First there was darkness. Then a spark of remembrance. His synapses begin to fire out of control, so rapidly in fact that patches of the flat world peel away, revealing glimmers of subjective memory and history that exist in a perpetual vacuum of intense feeling. Whether or not these images are trustworthy remains a moot point; their very creation is a sign of tenacity and a will to live.
Such bright cinematic flickers allow every moment, no matter how mundane or false, no matter how monstrous or devastating, a sense of wondrous momentum that will never stop overlapping. To stop would be the equivalent of fading to black forever, and he has so much more to see.
Full review published at Little White Lies
Everyone is referencing this as the Indian heir to THE GODFATHER but I see the pace and aggressive editing/pop music cues of THE DEPARTED, just expanded and prolonged over decades. What a furious masterpiece of genre extravagance, a history defined by the art (and bungling) of assassinations, marriages, funerals, chases, ceremonies, campaigns, friendships, love-making, and countless other rituals. It may be splattered with brutal violence, acts that initially seem like necessary evils. “I killed them so I could live.”
But all of the gore and dismemberment, the head shots and knife wounds, they are representative of an entire genre living inside its own head. The dream, the fantasy of being a gangster, has real life consequences (a past history of retribution and death) but also psychological ripples that span generations and delude the young into thinking they can avenge the old and get away with it. There’s no escape from your own warped sense of self. This quote sums up everything: “Every fucker’s got his own movie playing inside his head.”
This isn’t about bullying, but physical and emotional aggression in general, how it spreads seamlessly like a virus, hollowing out those who are weaker and more pure of heart. Sure, technology plays a role in this epidemic, but it’s a destructive attitude that seems to be organically part of some of us, young and old. What’s really scary here is that every adult is basically faceless/silent and the various teenagers each a master of deflecting accountability. This makes for a very dangerous and disturbing cocktail. Opening and closing long shots are mirror images of each other, one man’s sudden dumping of traumatic symbols simply to erase them from his particular view of the world.
My Mom once told me that as a kid she used to sit for hours watching animals and insects in their natural habitats; ants crawling in and out of their holes, a flock of deer grazing in a meadow. Denis Cote’s experimental documentary relies on this same observational poetry to examine what can only be described as the antithetical experience of viewing animals in their pure state: the modern zoo.
Despite the fact that this is a film about barriers and bars, the nature of watching, waiting, examining, noticing patterns of movement, relishing the silence of a given moment, Cote establishes a sense of freedom and improvisation within the cramped spaces and static compositions. Certain shots feel like thematic hand grenades: Zebras butting up against a metal enclosure, their angry cries and loud banging echoing the horrific and protracted violence of captivity. Then there’s the monkey paws sticking through chain link fence, glimpses of life and texture and fur protruding from a seemingly infinite man-made structure. Also, the bobbing head of an Ostrich in close up, its unpredictable physicality coming in and out of the frame, uncontrollable within a given space, by either the zoo or cinema.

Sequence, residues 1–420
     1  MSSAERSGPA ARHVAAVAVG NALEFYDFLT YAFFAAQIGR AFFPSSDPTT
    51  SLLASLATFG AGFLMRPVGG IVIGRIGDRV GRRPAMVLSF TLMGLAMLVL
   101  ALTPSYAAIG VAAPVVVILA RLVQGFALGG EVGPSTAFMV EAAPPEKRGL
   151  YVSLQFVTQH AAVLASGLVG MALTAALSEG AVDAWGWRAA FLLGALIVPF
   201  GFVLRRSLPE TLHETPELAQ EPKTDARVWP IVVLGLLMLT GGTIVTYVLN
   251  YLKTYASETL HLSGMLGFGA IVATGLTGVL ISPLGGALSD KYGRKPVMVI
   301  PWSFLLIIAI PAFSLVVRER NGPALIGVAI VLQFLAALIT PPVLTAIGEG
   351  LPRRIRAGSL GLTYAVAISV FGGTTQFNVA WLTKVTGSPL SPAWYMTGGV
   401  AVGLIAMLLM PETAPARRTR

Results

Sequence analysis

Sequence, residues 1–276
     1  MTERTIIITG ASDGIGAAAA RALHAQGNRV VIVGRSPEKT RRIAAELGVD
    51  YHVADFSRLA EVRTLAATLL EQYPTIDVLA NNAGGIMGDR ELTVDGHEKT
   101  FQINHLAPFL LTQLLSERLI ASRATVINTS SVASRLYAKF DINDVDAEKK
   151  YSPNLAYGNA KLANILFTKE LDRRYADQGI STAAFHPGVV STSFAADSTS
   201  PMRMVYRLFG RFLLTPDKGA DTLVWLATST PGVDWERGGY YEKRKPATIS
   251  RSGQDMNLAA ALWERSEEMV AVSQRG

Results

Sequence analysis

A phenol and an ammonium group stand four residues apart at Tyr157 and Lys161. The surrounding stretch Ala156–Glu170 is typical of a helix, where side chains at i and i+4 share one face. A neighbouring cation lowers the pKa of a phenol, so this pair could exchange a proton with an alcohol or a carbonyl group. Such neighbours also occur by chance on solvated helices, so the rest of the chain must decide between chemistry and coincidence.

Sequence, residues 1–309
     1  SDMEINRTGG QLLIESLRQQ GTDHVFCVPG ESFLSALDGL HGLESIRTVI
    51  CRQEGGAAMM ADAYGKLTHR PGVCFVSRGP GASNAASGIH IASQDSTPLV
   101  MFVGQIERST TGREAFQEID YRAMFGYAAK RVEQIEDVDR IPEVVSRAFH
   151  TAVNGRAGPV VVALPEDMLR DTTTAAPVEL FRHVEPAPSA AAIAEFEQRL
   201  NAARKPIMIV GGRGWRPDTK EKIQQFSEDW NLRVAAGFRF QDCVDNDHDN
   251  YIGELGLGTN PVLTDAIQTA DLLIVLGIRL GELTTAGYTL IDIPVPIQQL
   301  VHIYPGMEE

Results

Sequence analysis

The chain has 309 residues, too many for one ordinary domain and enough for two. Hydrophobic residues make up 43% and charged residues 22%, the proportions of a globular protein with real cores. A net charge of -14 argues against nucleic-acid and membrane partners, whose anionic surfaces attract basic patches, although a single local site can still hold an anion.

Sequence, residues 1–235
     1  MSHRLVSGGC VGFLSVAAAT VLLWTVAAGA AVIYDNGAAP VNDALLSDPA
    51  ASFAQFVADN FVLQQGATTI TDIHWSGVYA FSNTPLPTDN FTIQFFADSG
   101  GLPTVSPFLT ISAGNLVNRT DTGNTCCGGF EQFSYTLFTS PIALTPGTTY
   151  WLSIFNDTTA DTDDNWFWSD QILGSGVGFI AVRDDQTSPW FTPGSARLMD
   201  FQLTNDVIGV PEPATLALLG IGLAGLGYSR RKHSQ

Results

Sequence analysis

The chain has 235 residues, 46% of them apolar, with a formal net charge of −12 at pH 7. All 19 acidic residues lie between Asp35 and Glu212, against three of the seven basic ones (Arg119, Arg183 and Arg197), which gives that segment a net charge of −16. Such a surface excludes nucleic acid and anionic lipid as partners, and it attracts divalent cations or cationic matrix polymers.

This is a very special work, one that is both a celebration of the animal kingdom’s endurance and an indictment of man’s penchant for snuffing out the beauty of natural uncertainty for artificial pleasure.
It’s been three years since I re-started my film criticism career, and 2012 was no doubt the most difficult. Life changes, new responsibilities, and my first professional pink slip made me appreciate the highs of previous years all the more. Honestly, I’m happy 2012 is in the bag and excited for 2013.
It’s been a year of transition and frustration, new found love and wisdom, plus a lot of really good films. Here are my favorites.
1. This is Not a Film (Jafar Panahi, Iran)
I don’t think I can say it any better than I did in the fall of 2011. So, here you go.
Honored and privileged to be included in this year’s indieWIRE year end critics poll. My choices:
1. This is Not a Film
2. Zero Dark Thirty
3. The Turin Horse
4. Miss Bala
5. The Day He Arrives
6. The Deep Blue Sea
8. Girl Walk // All Day
9. Once Upon a Time in Anatolia
10. Perfect Sense
Happy with our choices, especially the recognition for Christoph Waltz!
Best Picture: “Argo”
Best Director: Ben Affleck, “Argo”
Best Actor: Daniel Day-Lewis, “Lincoln”
Best Actress: Michelle Williams, “Take This Waltz”
Best Supporting Actor: Christoph Waltz, “Django Unchained”
Best Supporting Actress: Emma Watson, “The Perks of Being a Wallflower”
Best Original Screenplay: Paul Thomas Anderson, “The Master”
Best Adapted Screenplay: Chris Terrio, “Argo”
Best Foreign Language Film: “The Kid With a Bike”
Best Animated Film: “ParaNorman”
Best Documentary: “The Invisible War”
Best Ensemble: “The Perks of Being a Wallflower”
Best Cinematography: Claudio Miranda, “Life of Pi”
Best Film Editing: William Goldenberg, “Argo”
Best Original Score: Jonny Greenwood, “The Master”
Best Production Design: Hugh Bateup and Uli Hanisch, “Cloud Atlas”
Body of Work Award: Greig Fraser, cinematographer, “Zero Dark Thirty,” “Killing Them Softly” and “Snow White and the Huntsman”